Ude-Martinez is also impressed by Britos’ work ethic.

“He’s a workhorse out there,” he added. “He’s often the central cog in the larger wheel of the team. He’s an attacker. He’s a doer. He makes the plays and gets it done. Juan is such a physical player. I love the way he throws everything at each game. He is quick, and he manages to lean on his horse at impossible angles… And he can equally play as well in defense as he can in attack.”

Britos has all the necessary mental and physical attributes to be a world-class polo player.

“Juan is clever, focused and passionate,” Ude-Martinez said. “He knows what he wants, and he has been incredibly lucky with the chances he’s had, but he was born to be a polo player.”

Ude-Martinez said that one of Britos’ strongest qualities is that he makes himself accessible to fans, spectators and members of the media. This has helped make him a fan-favorite within the polo community.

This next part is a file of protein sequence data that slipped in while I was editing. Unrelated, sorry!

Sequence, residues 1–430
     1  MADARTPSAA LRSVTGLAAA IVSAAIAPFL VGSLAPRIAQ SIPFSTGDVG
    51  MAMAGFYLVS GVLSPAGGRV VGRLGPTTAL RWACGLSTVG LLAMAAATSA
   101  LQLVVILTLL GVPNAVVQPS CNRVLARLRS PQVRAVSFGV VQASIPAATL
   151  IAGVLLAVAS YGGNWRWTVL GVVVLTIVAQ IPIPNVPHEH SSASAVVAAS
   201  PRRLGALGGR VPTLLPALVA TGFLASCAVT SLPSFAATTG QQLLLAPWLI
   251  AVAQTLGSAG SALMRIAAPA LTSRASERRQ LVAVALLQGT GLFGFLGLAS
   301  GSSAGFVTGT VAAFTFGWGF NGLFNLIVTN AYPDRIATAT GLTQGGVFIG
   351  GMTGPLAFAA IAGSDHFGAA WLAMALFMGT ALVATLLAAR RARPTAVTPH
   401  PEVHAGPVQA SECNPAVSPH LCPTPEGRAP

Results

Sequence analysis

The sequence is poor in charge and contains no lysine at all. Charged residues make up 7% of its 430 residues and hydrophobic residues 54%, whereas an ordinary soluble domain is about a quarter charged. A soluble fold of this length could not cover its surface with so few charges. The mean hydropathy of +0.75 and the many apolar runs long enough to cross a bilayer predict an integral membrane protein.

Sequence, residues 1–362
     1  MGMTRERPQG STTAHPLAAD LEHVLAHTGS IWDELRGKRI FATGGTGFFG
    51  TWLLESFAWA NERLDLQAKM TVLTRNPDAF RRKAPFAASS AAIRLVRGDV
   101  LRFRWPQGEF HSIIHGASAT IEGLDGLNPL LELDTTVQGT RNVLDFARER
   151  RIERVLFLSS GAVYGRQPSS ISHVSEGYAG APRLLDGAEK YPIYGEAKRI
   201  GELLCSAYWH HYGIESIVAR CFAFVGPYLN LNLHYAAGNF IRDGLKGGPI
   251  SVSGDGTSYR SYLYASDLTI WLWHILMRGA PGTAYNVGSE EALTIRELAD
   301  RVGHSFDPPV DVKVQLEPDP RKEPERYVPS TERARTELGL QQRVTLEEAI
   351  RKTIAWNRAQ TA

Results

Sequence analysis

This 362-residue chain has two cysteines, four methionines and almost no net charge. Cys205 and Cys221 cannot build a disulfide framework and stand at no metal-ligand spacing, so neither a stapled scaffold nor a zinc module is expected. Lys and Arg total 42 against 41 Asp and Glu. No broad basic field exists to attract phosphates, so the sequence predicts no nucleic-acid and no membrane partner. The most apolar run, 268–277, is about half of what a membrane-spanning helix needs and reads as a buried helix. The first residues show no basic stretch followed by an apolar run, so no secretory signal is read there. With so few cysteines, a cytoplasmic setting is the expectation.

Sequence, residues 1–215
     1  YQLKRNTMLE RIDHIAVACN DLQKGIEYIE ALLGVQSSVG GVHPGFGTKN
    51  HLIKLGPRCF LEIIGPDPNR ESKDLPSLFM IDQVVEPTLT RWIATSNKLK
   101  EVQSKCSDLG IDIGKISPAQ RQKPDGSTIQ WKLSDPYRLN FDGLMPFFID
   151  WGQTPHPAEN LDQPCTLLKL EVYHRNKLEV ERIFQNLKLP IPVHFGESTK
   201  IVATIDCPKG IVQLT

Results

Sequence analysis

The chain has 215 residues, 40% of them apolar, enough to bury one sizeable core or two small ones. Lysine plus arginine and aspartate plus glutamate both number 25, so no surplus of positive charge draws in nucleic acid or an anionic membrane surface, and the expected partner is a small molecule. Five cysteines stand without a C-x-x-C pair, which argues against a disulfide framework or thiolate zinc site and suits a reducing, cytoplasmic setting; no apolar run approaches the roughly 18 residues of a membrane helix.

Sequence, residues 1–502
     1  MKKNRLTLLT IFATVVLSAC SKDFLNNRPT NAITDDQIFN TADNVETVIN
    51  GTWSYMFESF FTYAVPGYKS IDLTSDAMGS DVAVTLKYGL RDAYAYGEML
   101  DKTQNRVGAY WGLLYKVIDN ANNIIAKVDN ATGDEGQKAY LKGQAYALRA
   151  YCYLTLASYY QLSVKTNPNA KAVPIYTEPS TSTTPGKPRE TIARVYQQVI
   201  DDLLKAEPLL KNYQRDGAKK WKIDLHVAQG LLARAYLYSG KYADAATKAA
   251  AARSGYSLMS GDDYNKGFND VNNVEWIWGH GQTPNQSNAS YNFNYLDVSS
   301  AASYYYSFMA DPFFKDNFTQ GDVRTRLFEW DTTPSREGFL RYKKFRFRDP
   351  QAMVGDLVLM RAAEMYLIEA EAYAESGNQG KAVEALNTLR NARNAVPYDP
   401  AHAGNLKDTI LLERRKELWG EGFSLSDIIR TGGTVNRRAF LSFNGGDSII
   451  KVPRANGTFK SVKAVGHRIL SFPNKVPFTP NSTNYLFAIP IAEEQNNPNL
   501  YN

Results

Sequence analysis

“He takes time to make conversation, and he shows interest in everyone around him,” Ude-Martinez said. “He’s enjoying the huge opportunities his career is bringing him, but he always remains grounded. For me, Juano is one of the nicest people on the pitch, as well as off the pitch. I can’t wait to see what a great future he’s going to have.”

Polo fans and enthusiasts here in Wellington are fortunate to have front-row seats as Juan Britos Jr. continues his rise as a global star in the global sport of polo.


The Sport Of Polo Runs Deep In Wellington’s Coppola Family

The Sport Of Polo Runs Deep In Wellington’s Coppola Family

By Y.A. Teitelbaum

Life revolves around the sport polo for Tony Coppola and his son, Matt Coppola.

Tony is widely recognized in polo circles as the “Voice of Polo” and owner of The Tackeria, a full-service equestrian supply store that has been serving Wellington for more than 45 years. His résumé is long and varied, having been a player, a club manager and an umpire before turning full time to the business side.